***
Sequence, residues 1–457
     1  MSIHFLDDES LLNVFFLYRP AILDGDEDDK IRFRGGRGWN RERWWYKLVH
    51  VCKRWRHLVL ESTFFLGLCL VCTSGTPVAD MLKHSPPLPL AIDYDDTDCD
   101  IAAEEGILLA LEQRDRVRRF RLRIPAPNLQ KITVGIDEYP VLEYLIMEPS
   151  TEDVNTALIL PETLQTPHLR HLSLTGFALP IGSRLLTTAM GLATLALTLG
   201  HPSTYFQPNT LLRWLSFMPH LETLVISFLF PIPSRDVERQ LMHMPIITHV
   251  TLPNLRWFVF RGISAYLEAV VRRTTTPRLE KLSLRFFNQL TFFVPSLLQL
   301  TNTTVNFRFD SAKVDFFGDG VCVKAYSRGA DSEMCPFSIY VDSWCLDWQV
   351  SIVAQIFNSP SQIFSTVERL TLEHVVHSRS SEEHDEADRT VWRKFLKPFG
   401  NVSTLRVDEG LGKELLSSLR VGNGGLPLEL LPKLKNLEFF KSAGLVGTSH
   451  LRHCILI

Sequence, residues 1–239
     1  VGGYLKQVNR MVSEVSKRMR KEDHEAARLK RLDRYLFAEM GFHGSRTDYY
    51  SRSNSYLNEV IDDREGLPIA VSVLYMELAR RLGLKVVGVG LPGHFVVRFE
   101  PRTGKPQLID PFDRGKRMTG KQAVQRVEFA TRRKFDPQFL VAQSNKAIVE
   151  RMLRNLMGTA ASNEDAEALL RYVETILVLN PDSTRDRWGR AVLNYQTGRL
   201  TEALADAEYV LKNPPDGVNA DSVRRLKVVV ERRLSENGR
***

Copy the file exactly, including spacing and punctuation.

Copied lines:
Sequence, residues 1–457
     1  MSIHFLDDES LLNVFFLYRP AILDGDEDDK IRFRGGRGWN RERWWYKLVH
    51  VCKRWRHLVL ESTFFLGLCL VCTSGTPVAD MLKHSPPLPL AIDYDDTDCD
   101  IAAEEGILLA LEQRDRVRRF RLRIPAPNLQ KITVGIDEYP VLEYLIMEPS
   151  TEDVNTALIL PETLQTPHLR HLSLTGFALP IGSRLLTTAM GLATLALTLG
   201  HPSTYFQPNT LLRWLSFMPH LETLVISFLF PIPSRDVERQ LMHMPIITHV
   251  TLPNLRWFVF RGISAYLEAV VRRTTTPRLE KLSLRFFNQL TFFVPSLLQL
   301  TNTTVNFRFD SAKVDFFGDG VCVKAYSRGA DSEMCPFSIY VDSWCLDWQV
   351  SIVAQIFNSP SQIFSTVERL TLEHVVHSRS SEEHDEADRT VWRKFLKPFG
   401  NVSTLRVDEG LGKELLSSLR VGNGGLPLEL LPKLKNLEFF KSAGLVGTSH
   451  LRHCILI

Sequence, residues 1–239
     1  VGGYLKQVNR MVSEVSKRMR KEDHEAARLK RLDRYLFAEM GFHGSRTDYY
    51  SRSNSYLNEV IDDREGLPIA VSVLYMELAR RLGLKVVGVG LPGHFVVRFE
   101  PRTGKPQLID PFDRGKRMTG KQAVQRVEFA TRRKFDPQFL VAQSNKAIVE
   151  RMLRNLMGTA ASNEDAEALL RYVETILVLN PDSTRDRWGR AVLNYQTGRL
   201  TEALADAEYV LKNPPDGVNA DSVRRLKVVV ERRLSENGR